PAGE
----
if (defined('DOING_AUTOSAVE') && DOING_AUTOSAVE) {

            return $post_id;


        // check permissions

        if ('page' == $_POST['post_type']) {

            if (!current_user_can('edit_page', $post_id)) {

                return $post_id;


        } elseif (!current_user_can('edit_post', $post_id)) {

            return $post_id;


        foreach ($slidelink_2_metabox['fields'] as $field) {

            $old = get_post_meta($post_id, $field['id'], true);

            $new = $_POST[$field['id']];

            if ($new && $new != $old) {

                if($field['type'] == 'date') {

                    $new = codituts_format_date($new);

                    update_post_meta($post_id, $field['id'], $new);

                } else {

                    if(is_string($new)) {

                        $new = $new;


                    update_post_meta($post_id, $field['id'], $new);


            } elseif ('' == $new && $old) {

                delete_post_meta($post_id, $field['id'], $old);




Phew. That is over. Come to your Dashboard and also you will find a brand new brilliant ‘Slides’ Custom Post Type.


Step 3 Load Slider Files

Turn on slider.php . Right now we’re going to en queue j Query, the Flex Slider j Query script or the Flex Slider style sheet. Or simply you can copy the code from flexslider.css to your style.css file folder in case desired.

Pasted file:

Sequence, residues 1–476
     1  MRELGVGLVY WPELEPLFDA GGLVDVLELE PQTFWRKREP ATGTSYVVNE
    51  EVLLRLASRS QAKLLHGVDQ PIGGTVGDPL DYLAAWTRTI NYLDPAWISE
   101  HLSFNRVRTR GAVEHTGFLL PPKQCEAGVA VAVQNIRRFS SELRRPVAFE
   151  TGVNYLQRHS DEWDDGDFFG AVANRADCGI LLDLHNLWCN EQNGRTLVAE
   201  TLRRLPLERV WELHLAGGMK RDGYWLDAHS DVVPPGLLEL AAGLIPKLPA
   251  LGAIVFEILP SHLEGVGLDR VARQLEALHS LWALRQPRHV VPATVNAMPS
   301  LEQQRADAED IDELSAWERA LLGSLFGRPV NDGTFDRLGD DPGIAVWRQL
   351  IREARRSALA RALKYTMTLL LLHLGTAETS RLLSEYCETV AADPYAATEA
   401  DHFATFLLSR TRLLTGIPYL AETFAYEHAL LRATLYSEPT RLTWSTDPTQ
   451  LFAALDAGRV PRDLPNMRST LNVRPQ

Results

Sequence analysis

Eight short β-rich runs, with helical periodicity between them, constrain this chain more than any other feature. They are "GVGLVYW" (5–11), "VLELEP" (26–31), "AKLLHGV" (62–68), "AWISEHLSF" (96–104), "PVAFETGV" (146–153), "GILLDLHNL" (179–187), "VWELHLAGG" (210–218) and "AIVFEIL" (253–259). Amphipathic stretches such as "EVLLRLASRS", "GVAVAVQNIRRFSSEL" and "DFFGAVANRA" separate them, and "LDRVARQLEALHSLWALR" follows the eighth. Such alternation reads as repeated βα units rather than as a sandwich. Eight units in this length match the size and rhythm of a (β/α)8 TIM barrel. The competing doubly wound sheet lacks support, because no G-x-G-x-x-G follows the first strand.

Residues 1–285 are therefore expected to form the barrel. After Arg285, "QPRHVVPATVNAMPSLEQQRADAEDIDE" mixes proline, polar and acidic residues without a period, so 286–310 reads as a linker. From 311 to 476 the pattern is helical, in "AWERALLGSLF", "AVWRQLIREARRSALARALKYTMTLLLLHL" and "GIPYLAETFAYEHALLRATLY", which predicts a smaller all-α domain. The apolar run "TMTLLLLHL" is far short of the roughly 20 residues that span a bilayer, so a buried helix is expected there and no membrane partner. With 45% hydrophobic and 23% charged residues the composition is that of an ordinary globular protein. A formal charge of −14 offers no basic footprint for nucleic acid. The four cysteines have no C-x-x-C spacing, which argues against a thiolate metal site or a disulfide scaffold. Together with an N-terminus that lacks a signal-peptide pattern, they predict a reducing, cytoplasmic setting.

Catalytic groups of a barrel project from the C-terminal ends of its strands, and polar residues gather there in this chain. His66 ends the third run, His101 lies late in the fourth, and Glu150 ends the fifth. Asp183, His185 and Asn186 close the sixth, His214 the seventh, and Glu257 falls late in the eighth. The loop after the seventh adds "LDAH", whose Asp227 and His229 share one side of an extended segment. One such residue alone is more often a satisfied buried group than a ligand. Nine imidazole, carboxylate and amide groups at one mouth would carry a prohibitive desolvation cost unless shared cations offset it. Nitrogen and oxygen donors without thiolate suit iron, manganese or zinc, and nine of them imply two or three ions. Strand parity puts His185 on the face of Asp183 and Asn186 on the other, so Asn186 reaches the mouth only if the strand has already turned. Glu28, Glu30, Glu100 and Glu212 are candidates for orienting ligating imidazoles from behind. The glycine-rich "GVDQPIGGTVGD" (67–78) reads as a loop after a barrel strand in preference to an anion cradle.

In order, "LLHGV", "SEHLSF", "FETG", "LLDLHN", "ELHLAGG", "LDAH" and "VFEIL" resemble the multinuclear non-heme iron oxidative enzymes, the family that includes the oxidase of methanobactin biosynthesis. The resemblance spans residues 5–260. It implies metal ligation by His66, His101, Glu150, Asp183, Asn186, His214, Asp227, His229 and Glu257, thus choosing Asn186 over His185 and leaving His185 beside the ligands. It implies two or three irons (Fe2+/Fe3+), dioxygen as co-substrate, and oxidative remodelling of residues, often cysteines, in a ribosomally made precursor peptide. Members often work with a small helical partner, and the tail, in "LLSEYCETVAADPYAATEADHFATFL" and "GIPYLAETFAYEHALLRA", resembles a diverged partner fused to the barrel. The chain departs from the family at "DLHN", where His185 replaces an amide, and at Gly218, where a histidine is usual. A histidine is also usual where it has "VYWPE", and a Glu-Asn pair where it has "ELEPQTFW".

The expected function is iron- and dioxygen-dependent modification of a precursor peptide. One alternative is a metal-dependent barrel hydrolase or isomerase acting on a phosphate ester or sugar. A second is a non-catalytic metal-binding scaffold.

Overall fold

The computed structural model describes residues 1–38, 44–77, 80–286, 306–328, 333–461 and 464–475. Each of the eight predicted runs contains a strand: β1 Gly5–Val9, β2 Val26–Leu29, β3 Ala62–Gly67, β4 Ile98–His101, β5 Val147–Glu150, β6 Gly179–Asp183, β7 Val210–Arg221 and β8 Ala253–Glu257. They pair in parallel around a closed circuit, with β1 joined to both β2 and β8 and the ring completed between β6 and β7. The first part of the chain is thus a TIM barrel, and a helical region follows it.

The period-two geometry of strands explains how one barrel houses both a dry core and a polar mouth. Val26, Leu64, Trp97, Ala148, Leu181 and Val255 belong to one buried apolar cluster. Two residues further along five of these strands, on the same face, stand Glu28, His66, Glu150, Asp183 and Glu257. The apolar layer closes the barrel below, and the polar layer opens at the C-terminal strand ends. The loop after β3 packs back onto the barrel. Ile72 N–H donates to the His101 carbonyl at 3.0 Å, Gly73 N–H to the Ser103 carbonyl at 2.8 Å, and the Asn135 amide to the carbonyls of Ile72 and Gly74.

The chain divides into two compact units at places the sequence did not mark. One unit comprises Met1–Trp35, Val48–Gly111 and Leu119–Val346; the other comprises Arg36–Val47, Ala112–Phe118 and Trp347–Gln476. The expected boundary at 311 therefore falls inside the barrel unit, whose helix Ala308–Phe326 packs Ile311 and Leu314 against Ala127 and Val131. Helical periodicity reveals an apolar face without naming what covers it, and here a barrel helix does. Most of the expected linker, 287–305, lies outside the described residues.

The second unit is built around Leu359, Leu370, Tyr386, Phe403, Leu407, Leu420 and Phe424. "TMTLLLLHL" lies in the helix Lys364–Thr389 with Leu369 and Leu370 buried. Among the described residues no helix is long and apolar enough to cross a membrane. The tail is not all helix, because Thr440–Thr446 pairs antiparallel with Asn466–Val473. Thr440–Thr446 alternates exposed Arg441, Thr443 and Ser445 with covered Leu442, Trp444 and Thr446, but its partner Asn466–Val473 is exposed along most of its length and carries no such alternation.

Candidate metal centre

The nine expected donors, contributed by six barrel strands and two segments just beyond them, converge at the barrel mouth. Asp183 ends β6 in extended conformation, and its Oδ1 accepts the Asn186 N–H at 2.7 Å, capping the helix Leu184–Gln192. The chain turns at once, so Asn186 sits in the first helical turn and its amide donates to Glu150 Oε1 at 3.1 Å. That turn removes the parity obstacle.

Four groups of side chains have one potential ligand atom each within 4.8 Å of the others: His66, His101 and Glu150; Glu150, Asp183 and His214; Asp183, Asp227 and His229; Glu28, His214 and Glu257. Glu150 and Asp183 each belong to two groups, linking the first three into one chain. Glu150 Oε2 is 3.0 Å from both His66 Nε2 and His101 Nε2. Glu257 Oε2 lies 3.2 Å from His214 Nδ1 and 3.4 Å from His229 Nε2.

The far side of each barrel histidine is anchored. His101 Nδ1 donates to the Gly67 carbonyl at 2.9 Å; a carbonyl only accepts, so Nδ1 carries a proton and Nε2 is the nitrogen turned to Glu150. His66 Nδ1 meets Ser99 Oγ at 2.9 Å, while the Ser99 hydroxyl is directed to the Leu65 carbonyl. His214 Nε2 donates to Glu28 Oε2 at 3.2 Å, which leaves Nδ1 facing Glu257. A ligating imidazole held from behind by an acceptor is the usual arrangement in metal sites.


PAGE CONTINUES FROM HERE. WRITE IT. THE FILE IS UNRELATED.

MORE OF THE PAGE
// Enqueue Flexslider Files

    function codituts_slider_scripts() {

        wp_enqueue_script( 'jquery' );

        wp_enqueue_style( 'flex-style', get_template_directory_uri() . '/inc/slider/css/flexslider.css' );

        wp_enqueue_script( 'flex-script', get_template_directory_uri() .  '/inc/slider/js/jquery.flexslider-min.js', array( 'jquery' ), false, true );


    add_action( 'wp_enqueue_scripts', 'codituts_slider_scripts' );

When we’re doing so, there’s some thing you must actually do. Due to our file folder structure, the flexslider.css requirements a few changing so that it knows where can you find the arrow picture. Open up it up or try a search and also exchange for:

  • pictures with. ./images

Step 4 Initialize Slider

Right now you need to insert a few jQuery to our <head> in order to initialize the slider. Let’s add the following collections to slider.php below the code we just simply inserted!

// Initialize Slider

    function codituts_slider_initialize() { ?>

        <script type="text/javascript" charset="utf-8">

            jQuery(window).load(function() {


                    animation: "fade",

                    direction: "horizontal",

                    slideshowSpeed: 7000,

                    animationSpeed: 600




    <?php }

    add_action( 'wp_head', 'codituts_slider_initialize' );

One reason I decided to using FlexSlider is really because of it is flexability. There are also quite a lot of guidelines you can actually mess with, but then I simply just providedfour very important ones above. Try out changing slide to fade, or even horizontally to vertically. You can make a look and feel at most of the paremeters over right here.

Notice: Make sure that a different way to do the above is using the wp_localize_script function ( view in Codex ) but yet this a little bit of bit in advance for this rule tutorial. However, Pippin Williamson ( a different codituts+ author ) have simply just written an outstanding article on this subject at the time you’re interested in you.

Step 5 Create Slider